T Levels Qualification; Ofqual’s Consultation
In November 2017, the Government launched a consultation on their plans for the introduction of a new T Level qualification as a high quality, technical alternative to A levels.
T Level qualifications are intended to raise the status of technical education, and ensure that individuals develop the technical knowledge and skills needed by employers and industry.
The Government’s consultation closed in February and their response was published in May. The consultation response includes a technical annex containing key qualification design requirements including standards, grading, procurement, funding and quality assurance and regulation.
The Government’s ambitious timetable for the introduction of the new qualification in 2020 has raised some concerns. However, in May 2018 the Secretary of State for Education re-affirmed the Government’s commitment to introduce new T Level qualifications in 2020.
T Levels will allow students to study broad occupational areas before specialising in specific occupations. They also provide an opportunity for students to apply their knowledge and skills by completing a substantial work placement.
T Levels will consist of:
- a Technical Qualification (TQ)
- a T Level industry placement
- maths and English (set at level 2 to align with requirements for level 3 apprenticeships)
- any other occupation-specific requirements/qualifications, as set out by the relevant T Level panel e.g. licence to practice
- any further employability, enrichment and pastoral (EEP) provision (as required in all study programmes).
Students must complete all of these to achieve a T Level; students will receive an overall grade for their T Level.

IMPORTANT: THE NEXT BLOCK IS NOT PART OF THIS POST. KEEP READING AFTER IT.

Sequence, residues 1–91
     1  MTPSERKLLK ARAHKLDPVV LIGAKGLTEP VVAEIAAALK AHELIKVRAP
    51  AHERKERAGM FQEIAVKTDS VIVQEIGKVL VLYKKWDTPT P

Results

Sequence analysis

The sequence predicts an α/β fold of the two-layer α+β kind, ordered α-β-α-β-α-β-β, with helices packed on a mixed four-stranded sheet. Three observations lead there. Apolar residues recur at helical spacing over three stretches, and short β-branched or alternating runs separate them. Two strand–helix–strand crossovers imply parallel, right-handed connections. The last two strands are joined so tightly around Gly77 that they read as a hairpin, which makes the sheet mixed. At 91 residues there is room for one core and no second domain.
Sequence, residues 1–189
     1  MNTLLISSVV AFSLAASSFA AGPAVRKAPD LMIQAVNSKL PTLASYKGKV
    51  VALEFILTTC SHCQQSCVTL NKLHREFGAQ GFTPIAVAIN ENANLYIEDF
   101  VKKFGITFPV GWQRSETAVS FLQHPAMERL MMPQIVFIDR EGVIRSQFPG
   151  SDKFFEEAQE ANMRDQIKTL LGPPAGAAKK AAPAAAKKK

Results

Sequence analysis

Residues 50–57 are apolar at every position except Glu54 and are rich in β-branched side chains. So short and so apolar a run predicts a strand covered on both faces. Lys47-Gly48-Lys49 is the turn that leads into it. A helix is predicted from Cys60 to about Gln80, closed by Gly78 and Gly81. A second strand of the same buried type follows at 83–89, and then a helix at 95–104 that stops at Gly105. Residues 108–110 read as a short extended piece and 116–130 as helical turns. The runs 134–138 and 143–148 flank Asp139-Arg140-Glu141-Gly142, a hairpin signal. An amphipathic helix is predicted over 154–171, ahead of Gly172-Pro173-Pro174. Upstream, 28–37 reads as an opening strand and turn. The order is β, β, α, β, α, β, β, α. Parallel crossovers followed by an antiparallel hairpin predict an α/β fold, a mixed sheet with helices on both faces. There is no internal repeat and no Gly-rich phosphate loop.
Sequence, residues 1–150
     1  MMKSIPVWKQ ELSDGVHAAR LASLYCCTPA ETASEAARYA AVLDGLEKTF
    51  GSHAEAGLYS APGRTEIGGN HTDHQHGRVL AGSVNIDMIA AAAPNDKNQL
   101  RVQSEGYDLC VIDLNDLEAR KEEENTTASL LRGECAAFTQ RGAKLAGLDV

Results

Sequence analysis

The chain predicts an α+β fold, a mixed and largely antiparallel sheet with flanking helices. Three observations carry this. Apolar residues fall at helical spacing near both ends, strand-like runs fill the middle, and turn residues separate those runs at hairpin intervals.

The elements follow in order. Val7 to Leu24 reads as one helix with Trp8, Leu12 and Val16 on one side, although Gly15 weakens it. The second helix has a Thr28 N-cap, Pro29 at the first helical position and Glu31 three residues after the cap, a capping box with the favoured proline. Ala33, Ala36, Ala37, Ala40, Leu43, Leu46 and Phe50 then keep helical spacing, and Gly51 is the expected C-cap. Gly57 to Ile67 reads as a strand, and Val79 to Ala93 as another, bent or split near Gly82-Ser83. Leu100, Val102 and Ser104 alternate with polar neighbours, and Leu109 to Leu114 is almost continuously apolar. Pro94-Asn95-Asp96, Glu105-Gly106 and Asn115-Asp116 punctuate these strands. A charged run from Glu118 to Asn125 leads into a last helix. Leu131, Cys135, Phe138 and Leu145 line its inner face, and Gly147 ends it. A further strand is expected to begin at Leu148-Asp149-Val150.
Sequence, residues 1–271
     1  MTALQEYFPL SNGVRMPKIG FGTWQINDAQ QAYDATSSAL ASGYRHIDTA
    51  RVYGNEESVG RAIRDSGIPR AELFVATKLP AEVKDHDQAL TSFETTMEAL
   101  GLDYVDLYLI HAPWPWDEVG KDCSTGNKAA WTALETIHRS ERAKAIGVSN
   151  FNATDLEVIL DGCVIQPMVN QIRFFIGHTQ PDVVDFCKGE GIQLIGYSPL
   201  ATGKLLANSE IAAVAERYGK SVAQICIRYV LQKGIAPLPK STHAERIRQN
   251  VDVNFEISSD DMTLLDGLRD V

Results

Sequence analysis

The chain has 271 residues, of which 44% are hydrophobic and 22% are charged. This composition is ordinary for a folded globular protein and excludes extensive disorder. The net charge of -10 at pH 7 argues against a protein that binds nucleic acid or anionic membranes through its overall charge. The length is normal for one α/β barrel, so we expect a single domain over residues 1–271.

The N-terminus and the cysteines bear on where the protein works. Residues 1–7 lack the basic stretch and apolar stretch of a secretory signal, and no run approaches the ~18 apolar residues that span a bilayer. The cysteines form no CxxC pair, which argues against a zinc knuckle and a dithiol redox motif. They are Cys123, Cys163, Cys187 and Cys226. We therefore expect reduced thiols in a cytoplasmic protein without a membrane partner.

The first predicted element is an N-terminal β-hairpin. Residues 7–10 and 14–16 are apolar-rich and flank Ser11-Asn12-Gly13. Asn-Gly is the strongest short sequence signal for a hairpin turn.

The diagram below illustrates the structure of the T Level programme.
Regulating Technical Qualifications. Consultation on Ofqual's approach to regulating Technical Qualifications. July 2018. Page 6.
T Levels are being introduced in phases with 3 intended for first teaching from 2020. The T Levels and associated Technical Qualifications being introduced in 2020 are:
- digital production, design and development (digital route)
- design, surveying and planning (construction route)
- education and childcare (education and childcare route).
The design, content and administration of this qualification will require careful co-ordination between a range of dependent parties.
The Department for Education has set the assessment design and other requirements of the new qualification. The Institute for Apprenticeships (the IoA) has a statutory role in setting employer-led standards for each T Level and developing and approving new qualifications: it has overall responsibility for the quality assurance of T Levels. Awarding Organisations, employers, schools and colleges will have a central role in the delivery of the T Level.